The state of Minnesota should have done a better job of managing the use of area wells to halt the draining in the last few years of White Bear Lake and its aquifer, a district judge ruled Wednesday.
In a ruling three months in the making that followed a trial held last spring, Ramsey County District Judge Margaret Marrinan said the state had violated the public trust as well as environmental laws in allowing excessive pumping of the Prairie du Chien aquifer, without really knowing what amount could be used without endangering its future availability.
The judge ordered the DNR to stop issuing permits for any more wells within a five-mile radius of White Bear Lake until it is certain the drawdowns are sustainable. She also ordered the agency to make sure pumping now allowed is sustainable, and to do so within a year.
Under her ruling, the state must ban residential irrigation when White Bear Lake falls below 923.5 feet above sea level and continue the ban until the lake rises to 924 feet.
The lake during the area's recent drought fell far below that level, reaching 918.5 feet in 2013. Heavy rain since has pushed it higher.
In a case that caps off a long career before she retires, Marrinan wrote that all existing permits must contain an enforceable plan to "phase down per capita residential water use to 75 gallons per day," and that all permits within five miles of the lake must be amended to include plans to move to "total or partial supply" from river sources.
The case has broad implications both for future suburban development and for the ability of property owners to irrigate lawns, once dry conditions return to what is now an amply rain-slogged metro area.
The Minnesota Department of Natural Resources (DNR) issued a brief statement saying that it was "surprised and deeply disappointed." An appeal was not ruled out.
Greg McNeely, a spokesman for the lakeshore owners and area supporters who brought the suit against the state, called the case a "big deal" and added:
"It's not about White Bear Lake, it's about how much water we use. It's not sustainable, and our lake is the canary in the coal mine. It was a five-year fight and some of it was not pleasant but we are so grateful to our attorneys, who worked without a fee because they believed in this cause."
Making water a priority
Wednesday's decision is a landmark moment in an increasingly fraught relationship between suburban growth and the natural resources required to support it.
In some parts of the metro area, sprawl has heavily relied on underground sources rather than the Mississippi River, which is the main water source for Minneapolis, St. Paul and many inner-ring suburbs.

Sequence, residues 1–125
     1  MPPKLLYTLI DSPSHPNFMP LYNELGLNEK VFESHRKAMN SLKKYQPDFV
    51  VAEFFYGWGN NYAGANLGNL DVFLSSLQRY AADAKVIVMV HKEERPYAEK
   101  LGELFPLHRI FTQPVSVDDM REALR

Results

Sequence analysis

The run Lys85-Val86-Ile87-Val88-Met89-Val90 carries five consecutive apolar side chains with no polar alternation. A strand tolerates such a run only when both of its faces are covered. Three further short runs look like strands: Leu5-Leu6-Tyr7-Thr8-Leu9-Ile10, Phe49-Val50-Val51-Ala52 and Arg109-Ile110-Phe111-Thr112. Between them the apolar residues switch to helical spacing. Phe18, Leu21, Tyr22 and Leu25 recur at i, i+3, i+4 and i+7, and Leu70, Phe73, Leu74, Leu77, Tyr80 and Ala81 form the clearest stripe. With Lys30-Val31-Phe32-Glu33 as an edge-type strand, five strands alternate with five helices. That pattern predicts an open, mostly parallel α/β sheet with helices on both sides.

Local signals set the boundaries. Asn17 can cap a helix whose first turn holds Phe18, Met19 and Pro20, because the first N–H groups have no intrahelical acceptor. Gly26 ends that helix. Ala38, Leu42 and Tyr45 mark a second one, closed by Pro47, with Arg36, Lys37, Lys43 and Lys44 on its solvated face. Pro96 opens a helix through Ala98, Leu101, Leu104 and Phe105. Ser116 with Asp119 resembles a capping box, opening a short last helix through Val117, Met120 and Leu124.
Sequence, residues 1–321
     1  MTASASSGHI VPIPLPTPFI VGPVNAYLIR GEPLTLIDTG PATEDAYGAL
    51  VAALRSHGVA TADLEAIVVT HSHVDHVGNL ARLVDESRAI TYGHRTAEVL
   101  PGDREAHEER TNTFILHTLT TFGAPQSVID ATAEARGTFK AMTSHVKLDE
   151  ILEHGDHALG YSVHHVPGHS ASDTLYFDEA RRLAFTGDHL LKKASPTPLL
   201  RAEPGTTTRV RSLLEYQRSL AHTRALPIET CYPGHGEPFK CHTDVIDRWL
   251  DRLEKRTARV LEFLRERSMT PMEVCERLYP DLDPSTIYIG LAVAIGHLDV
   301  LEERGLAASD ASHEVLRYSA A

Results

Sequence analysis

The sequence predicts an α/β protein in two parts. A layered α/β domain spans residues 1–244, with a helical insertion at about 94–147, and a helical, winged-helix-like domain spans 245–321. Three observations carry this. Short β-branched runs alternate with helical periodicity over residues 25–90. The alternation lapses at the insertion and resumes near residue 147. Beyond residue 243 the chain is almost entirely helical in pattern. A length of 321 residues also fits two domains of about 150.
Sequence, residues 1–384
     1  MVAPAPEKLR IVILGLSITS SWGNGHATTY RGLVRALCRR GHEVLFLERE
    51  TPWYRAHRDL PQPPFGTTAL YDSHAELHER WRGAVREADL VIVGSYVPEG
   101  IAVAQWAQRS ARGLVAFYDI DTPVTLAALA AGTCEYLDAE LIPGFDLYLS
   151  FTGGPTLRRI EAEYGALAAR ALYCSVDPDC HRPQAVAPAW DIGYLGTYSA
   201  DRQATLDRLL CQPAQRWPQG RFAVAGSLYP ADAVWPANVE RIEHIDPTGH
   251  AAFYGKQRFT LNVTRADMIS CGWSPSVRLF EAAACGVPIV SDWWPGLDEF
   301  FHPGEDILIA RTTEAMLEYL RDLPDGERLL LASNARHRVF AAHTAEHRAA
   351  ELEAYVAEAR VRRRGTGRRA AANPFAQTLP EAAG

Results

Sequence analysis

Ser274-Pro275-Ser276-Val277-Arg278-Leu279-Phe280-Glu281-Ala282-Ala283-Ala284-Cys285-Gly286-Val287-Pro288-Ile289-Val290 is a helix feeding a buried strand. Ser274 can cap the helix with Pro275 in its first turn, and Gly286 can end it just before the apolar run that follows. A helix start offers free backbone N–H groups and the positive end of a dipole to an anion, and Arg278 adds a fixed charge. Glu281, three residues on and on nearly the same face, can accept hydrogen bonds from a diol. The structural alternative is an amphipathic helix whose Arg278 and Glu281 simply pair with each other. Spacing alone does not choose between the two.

The city of White Bear Lake and its neighbors have taken vigorous steps to reduce water use, and suburbs distant from the lake — but also relying on aquifers — have stepped up their efforts for years now, knowing this day could come. The Woodbury City Council only this week is discussing a strategic plan that makes water conservation its top priority.
White Bear Lake City Attorney Roger Jensen said he expects no immediate impact on his city, but added that the same may not be true for all of its neighbors.
"This remedy was anticipated," he said, "but I was a little surprised that the judge concluded that the Public Trust Doctrine was violated. There's no precedent in Minnesota for that."
He said he suspected "there's potential for an appeal, particularly on that issue."
The Public Trust Doctrine holds that natural resources like water are for public use and that the government must protect them as such. That's a fundamental responsibility of the DNR, and the finding will sting agency officials.
The DNR's statement, issued late Wednesday afternoon, said it will take time to absorb the contents and implications of Marrinan's 140-page opinion and decide what to do next.
An iconic lake
The plaintiffs were supported by an A-list legal team, members of which said they took the case on a pro bono basis out of concern that political sensitivities were keeping the DNR from doing what it needed to do to make sure suburban growth is sustainable.
The remedy of piping in water from the Mississippi River has been calculated to cost anywhere from tens to hundreds of millions of dollars.
Advocates have sought unsuccessfully for state help to do that, and cities have warned that paying the freight for that solution would raise water costs alarmingly.
The trial on those issues took place before the judge alone without a jury this past spring, and lasted several weeks. It allowed the legal team for the plaintiffs to inspect masses of internal DNR documents, including e-mails, some of which attorneys felt were damning.
One oft-cited internal memo from a DNR expert stated in 2012 that "we are beginning to understand the unintended consequences of our past choices" in granting cities permits to extract ever more water.
It continued: "Everyone is part of the problem and needs to become part of the solution."
The state and cities argued that fluctuations in White Bear Lake were normal, but the judge found that the lake's ability to rebound had lately "differed dramatically from its previous history," a problem that "cannot be explained by climate alone."
The case has wide implications beyond White Bear Lake. Other bodies of water are in similar circumstances. But Marrinan also stressed the White Bear's iconic nature.
"It is a long-standing community resource enjoyed by inhabitants of the Twin Cities' northeast metro area, and the sole large, recreational lake serving this area," she wrote. "As such, it is the epicenter of the northeast metro for fishing, boating, sailing, swimming and general recreation."